Holy Week: Wednesday (Psalm 2:1–3) - Radical

Holy Week: Wednesday (Psalm 2:1–3)

For Pray the Word on this Wednesday of holy week we’re actually thinking back to one of the Psalms that helps us understand what is happening during holy week.

“Why do the nations raise and the people’s plot in vain? The kings of the earth set themselves, and the rulers take counsel together against the Lord and against the anointed. Say, let us burst their bonds apart and cast away their cords from us.” – Psalm 2:1–3

Leaders plotted to bring Christ’s ministry to an end, but the schemes of man cannot stop purposes of God.

So you think about it for a pretty good period of time, Jewish leaders had been plotting and scheming to end Jesus’ life. Their animosity in a sense had been building since the beginning of Jesus’ public ministry, thinking about John 5, for instance, when Jesus healed a man on the Sabbath, and the Jewish leaders were outraged when Jesus proceeded to equate himself with God, and then became all the more determined to kill him.

The Prophetic Nature of Psalm 2:1–3

So during this holy week, the opposition to Jesus was coming to a head. Wednesday may have well been the day when the Sanhedrin, the ruling council of the Jews, met in order to decide what to do with Jesus. But their opposition to God and his anointed or the Messiah was nothing new. The psalmist had spoken of the raging of the nations, against, as verse two says, the Lord, and against his anointed, centuries before. Just as the nations in the Old Testament had set themselves against King David. His royal line, the line God had chosen to rule his people. So now, the opposition was reaching its climax in a sense in this hostility towards Jesus, the king from David’s line.

These Verses Remind Us That the Schemes of Man Cannot Prevail Against God’s Will

In the next 48 hours, Jesus would be betrayed by these leaders, falsely tried, and executed on a cross. But as Psalm 2:1–3 reminds us, the schemes of sinful man cannot prevail. God laughs at the nations. That’s the whole picture here in Psalm 2:1–3 because his plans can’t be altered, and his kingship can’t be thwarted. In fact, God uses this ultimate expression of opposition in holy week, the cross, as the means through which the saving plan that he set in motion is fulfilled.

The Two Choices We Face

So as we think about those who rejected Christ, we shouldn’t forget that apart from God’s grace, we are all enemies of God. Our voices would have cried out among these crowds, because we were dead in our trespasses and sins. It’s only by God’s grace that any one of us is saved from our sins. So gratefully in this same Psalm, Psalm 2, which speaks of those who oppose God and the Messiah, oppose Jesus, there are other terms about peace. Like now, therefore, oh kings be wise. Be warned oh rulers of the earth. Serve the Lord with fear and rejoice with trembling. Kiss the Son, lest he be angry and you perish in the way, for his wrath is quickly kindled. But listen to this phrase. Blessed are all who take refuge in him, like that’s good news.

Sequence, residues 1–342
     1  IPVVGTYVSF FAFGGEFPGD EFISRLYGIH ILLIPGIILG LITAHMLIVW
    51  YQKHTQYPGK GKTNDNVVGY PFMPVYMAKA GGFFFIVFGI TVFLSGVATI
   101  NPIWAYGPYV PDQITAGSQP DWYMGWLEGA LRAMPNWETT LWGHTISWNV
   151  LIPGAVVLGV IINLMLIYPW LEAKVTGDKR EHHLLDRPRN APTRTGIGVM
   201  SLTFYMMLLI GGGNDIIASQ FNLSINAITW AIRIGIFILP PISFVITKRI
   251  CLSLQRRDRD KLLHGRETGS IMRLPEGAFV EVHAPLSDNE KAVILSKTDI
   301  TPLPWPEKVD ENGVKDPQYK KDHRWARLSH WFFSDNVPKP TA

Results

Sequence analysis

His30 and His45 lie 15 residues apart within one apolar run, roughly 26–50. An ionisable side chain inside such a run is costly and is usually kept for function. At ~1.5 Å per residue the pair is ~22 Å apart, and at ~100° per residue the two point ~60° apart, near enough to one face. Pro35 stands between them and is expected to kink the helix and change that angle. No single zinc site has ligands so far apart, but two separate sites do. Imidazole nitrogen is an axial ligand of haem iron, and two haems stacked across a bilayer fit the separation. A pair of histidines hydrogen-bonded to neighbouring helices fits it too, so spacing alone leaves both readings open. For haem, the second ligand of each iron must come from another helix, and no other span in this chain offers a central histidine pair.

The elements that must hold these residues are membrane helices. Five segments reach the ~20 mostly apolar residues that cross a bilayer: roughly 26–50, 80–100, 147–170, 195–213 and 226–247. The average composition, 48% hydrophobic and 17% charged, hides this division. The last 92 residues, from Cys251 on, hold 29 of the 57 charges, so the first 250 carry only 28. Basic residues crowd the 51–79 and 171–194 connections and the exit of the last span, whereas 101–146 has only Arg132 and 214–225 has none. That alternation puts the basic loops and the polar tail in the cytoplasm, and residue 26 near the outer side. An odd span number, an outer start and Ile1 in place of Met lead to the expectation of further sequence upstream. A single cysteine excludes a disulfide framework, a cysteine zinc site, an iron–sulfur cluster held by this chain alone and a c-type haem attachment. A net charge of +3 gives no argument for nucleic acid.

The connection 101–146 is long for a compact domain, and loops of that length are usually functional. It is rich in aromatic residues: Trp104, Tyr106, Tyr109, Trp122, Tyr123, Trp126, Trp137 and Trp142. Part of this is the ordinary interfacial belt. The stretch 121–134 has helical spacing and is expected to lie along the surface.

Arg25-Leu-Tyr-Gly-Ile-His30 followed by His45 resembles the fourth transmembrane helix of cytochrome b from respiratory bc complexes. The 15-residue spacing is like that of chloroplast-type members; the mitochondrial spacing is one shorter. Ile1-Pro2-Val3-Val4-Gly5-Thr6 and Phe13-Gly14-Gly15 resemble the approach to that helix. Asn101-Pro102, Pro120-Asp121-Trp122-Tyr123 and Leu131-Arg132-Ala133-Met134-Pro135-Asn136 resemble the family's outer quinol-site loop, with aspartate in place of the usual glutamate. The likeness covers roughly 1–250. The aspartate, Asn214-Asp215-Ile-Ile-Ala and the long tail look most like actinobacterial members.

Giving Thanks to God for Forgiving Our Sins

For sinners, it’s the message that we are most thankful for in our lives. We want to make known around the world that though we have opposed God in our lives in so many ways, he loves us, and has made a way for us to be forgiven of all of our opposition against him. And restored to relationship with him. So we pray, God, we know, we confess that we have sinned against you. We have set ourselves against you in many ways. It looks different in all of our lives, but we’ve all turned from your way to our own ways. We’ve all taken your word toward us and said no, we’re going to do things our own way.

We just praise you for your love for us and we praise you for your grace toward us. We praise you for your mercy toward us. So in Psalm 2:1–3 kind of way, even though we have opposed you, we praise you for loving us and being a refuge for us. God, thank you for sending Jesus to pay the price for our sins against you. For our rebellion and opposition against you. Thank you for making a way for us to be forgiven of all of our sins, and reconciled, redeemed, and restored to a relationship with you.
So help us then, in light of that, God help us not to live in opposition to your ways.

Asking God to Help Us Live Well

Help us by the grace you’ve given us, by the love you’ve given us in Christ. Help us to honor you with our lives. And help us to live according to your ways today. Keep us, God, all day long, we pray, from turning to our ways. Help us to trust in your ways. Not to live, practically in any way today, in opposition to you. But in relationship with you, in obedience to you. Enjoy the refuge we find in your love for us. In Jesus’ name we pray. Amen.

David Platt serves as pastor at McLean Bible Church in Washington, D.C. He is the founder and chairman of Radical. He is the author of several books, including Radical, Radical Together, Follow Me, Counter Culture, and Something Needs to Change.

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